Classical Editor: Rob Barnett                               Founder Len Mullenger:

Arthur BENJAMIN (1893-1960)
Five Negro Spirituals for cello and piano (1929)
Violin Sonatina (1925)
Pastoral Fantasy (1923)
Viola Sonata (1942)Three Violin Pieces (1921-5)
A Tune and Variations for Little People (1939)

Locrian Ensemble
rec Snape Maltings, 8-10 January 2001
DUTTON Epoch CDLX 7110 [76.48]

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It sometimes seems that the shade of Arthur Benjamin will have to struggle interminably between his two reputations: first as a purveyor of light music and secondly as an aspirant to express the great themes of life, love and death. His film music, Jamaican pieces, orchestral suites and concerto arrangements of antique composers (Cimarosa, Albinoni etc) represent the first strain. The second is associated with the Symphony, the viola sonata and the Ballade for strings. Both strands are represented on this disc.

Thanks be that the Spirituals neatly evade 'Nigger minstrelsy'. Benjamin clearly has respect for these songs which include I'm a trav'lin' to the grave, March on, Gwine to ride up in the chariot, I'll hear the trumpet sound (an extraordinary fantasy with black resonances) and Rise Mourners (not perhaps as inspired - an unadorned rendition).

Loraine McAslan in the Sonatina projects a febrile tone. The work reads across into the Ireland Second Sonata, Dunhill's Second and the First Sonatas of Howells and Rubbra. This version is not to be preferred to the differently coupled version on the Benjamin collection on Tall Poppies (TP134). I preferred the John Harding/Ian Munro version for its greater smoothness of flow and less strenuous violin tone. Sophia Rahman and McAslan make a much more macabre effect from the scherzo and the cantering caress of the Rondo is also extremely well done and magnificently recorded. Thank you Tony Faulkner and Michael Ponder (I had always hoped that Mr Ponder would go on to record the Bantock Viola Sonata but it was not to be).

The 1923 Pastoral Fantasy links most assuredly with Howells' Elegy for string quartet and string orchestra (a work written in memory of Francis Purcell Warren) and with the Piano Quartet. Howells and Benjamin were fast friends. This is more Ravel's String Quartet than anything else though the folk interlude at 2.35 track 10 does hint at other dimensions. Memories of friends lost in the killing fields of France toss and turn beneath the surface and their unruly restless images are poignant still.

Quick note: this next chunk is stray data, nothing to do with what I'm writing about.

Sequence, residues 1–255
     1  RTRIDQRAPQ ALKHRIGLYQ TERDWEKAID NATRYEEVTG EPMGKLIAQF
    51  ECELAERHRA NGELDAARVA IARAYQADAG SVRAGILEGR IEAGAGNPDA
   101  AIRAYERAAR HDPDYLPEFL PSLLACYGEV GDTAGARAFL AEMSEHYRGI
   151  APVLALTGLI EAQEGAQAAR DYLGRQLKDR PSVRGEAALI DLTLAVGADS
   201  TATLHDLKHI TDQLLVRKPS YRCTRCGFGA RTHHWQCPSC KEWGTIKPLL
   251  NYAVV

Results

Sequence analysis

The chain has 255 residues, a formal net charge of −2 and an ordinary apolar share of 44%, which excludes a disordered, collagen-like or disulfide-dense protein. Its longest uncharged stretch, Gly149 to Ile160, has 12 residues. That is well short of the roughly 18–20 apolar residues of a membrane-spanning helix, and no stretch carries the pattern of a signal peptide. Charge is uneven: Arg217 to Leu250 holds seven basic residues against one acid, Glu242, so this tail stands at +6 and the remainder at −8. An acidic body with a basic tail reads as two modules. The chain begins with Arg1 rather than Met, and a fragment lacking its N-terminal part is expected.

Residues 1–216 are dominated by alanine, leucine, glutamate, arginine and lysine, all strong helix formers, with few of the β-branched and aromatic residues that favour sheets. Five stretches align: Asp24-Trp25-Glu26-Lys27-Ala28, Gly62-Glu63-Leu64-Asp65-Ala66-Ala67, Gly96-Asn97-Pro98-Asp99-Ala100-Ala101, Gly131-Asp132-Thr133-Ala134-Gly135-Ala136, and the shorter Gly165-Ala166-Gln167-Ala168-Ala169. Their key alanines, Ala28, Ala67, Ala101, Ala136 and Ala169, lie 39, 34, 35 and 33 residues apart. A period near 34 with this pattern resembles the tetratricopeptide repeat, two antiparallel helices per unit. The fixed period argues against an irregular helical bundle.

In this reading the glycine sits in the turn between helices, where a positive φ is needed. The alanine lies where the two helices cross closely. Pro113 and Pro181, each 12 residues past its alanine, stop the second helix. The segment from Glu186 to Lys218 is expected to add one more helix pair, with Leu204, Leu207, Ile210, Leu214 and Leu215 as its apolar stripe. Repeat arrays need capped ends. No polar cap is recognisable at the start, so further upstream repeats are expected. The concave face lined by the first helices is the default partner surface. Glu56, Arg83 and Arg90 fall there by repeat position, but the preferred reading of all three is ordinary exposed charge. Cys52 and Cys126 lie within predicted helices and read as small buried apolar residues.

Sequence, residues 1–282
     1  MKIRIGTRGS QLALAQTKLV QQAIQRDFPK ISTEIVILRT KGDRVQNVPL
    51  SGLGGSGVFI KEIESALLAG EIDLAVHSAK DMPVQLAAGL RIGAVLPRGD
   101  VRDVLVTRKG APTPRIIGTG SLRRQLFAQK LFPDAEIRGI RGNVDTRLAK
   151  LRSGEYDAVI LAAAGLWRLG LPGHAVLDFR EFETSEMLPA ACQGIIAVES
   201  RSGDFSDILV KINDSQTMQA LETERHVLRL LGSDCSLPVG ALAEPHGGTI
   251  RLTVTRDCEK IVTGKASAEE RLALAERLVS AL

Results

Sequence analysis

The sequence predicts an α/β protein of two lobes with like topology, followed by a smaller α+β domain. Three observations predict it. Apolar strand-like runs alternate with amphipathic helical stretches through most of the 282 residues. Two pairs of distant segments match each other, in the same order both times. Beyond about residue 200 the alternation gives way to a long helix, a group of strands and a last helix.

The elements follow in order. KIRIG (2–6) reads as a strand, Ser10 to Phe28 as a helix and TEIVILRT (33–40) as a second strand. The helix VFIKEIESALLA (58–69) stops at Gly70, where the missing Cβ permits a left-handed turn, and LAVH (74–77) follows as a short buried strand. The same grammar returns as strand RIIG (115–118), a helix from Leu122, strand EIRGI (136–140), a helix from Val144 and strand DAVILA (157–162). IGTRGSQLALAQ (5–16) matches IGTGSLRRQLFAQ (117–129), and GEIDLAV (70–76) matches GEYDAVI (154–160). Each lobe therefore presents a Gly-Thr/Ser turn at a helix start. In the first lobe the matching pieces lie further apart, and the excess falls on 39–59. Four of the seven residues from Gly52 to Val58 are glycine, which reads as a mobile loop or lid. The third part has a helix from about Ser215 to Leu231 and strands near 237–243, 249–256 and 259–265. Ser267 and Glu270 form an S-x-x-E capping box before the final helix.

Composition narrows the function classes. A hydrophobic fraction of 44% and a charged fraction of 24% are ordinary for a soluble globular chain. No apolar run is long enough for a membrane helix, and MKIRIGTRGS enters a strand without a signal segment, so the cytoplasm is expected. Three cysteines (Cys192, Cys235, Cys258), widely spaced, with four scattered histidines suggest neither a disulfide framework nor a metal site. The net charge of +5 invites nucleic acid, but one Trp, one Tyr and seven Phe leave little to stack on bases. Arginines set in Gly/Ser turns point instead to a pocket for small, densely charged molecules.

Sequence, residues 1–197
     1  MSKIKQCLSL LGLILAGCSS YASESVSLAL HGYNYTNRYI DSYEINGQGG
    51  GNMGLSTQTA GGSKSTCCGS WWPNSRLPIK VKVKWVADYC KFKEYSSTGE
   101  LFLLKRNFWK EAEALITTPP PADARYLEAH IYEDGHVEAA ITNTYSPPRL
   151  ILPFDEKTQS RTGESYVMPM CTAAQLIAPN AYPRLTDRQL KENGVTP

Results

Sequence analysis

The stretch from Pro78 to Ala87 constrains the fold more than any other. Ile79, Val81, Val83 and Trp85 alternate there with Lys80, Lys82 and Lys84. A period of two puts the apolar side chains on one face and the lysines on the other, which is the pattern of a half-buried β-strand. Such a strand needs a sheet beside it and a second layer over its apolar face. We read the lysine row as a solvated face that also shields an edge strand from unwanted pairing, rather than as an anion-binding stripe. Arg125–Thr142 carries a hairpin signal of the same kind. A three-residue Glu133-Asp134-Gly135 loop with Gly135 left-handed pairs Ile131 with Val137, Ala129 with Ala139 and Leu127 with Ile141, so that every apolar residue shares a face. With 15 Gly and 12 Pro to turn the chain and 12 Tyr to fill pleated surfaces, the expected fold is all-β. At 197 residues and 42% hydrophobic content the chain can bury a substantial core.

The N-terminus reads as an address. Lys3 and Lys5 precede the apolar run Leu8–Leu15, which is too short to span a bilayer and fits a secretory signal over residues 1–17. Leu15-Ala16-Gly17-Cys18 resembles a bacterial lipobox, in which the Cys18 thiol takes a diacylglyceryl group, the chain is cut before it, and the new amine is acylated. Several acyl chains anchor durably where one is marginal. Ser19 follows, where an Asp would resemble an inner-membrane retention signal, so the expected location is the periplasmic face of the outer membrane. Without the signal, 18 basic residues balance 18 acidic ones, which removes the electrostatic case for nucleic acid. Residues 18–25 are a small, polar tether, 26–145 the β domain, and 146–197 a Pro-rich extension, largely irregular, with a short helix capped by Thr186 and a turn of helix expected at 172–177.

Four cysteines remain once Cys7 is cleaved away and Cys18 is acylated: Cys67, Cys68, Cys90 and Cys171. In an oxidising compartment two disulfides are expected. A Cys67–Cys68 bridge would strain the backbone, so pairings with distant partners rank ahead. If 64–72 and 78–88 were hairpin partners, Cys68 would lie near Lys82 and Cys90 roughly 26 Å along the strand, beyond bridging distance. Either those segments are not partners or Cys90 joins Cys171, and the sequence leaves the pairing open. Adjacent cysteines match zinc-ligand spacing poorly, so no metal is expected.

The Viola Sonata is a wartime work and is distant from the relaxation of the Sonatina. The Elegy is almost dissonant The William Primrose recording (on Pearl) is not eclipsed by this nor is the very fine version broadcast in the early 1980s by Paul Neubauer. The Sonata is also known as the Viola Concerto and as the Elegy, Waltz and Toccata for viola and orchestra. In his notes Lewis Foreman places this sonata with those of Bax (and the first movement is very close to the Bax), York Bowen and Arthur Bliss. The piece demands orchestral treatment and I hope that we will not have to wait long for a first recording in this form. The central waltz is closer to Prokofiev. The Toccata's virtuosity serves as a reminder that Benjamin's 1938 Romantic Fantasy for violin, viola and orchestra has always made a hit when flighted by two great and like-minded soloists.

Three Violin Pieces: Lewis Foreman mentions Sybil Eaton as the dedicatee of the first piece (Arabesque). As he points out she pioneered the Stanford Sixth Irish Rhapsody. I would add that she also premiered the Finzi Violin Concerto, Howells' First Sonata and was a champion of Joseph Holbrooke's Grasshopper Concerto throughout the 1920s and into the very early 1930s. The first two pieces Arabesque and Carnavalesque are like refracted images of the violin solos from Sheherazade while the Humoresque is comparable to the Rondo of the Sonatina. The Little People pieces are as pleasant as you would expect.

Benjamin was a not inconsiderable teacher at the RCM. He numbered Hoddinott and Britten among his pupils. It is fitting that this recording was made at the Maltings and reminds me that one of Britten's Holiday Diary pieces was dedicated to his teacher.

Hearing this collection reminds me that I should just repeat my wish-list for Benjamin recordings:-

1. Lyrita Recorded Edition please release your version of Barry Wordsworth conducting the LPO in the Symphony. This was recorded just over a decade ago and has remained on the shelf ever since..

2. We need a single CD collection of the Concertos for viola and for violin coupled with the Romantic Fantasy for violin and viola and orchestra.

3 Would Chandos or Marco Polo consider a collection of the film music. Another Philip Lane project.

This is then, an affectionate and stunningly recorded collection even though, for personal reasons, I lean in favour of the Tall Poppies collection.

Rob Barnett

See also Arthur Benjamin

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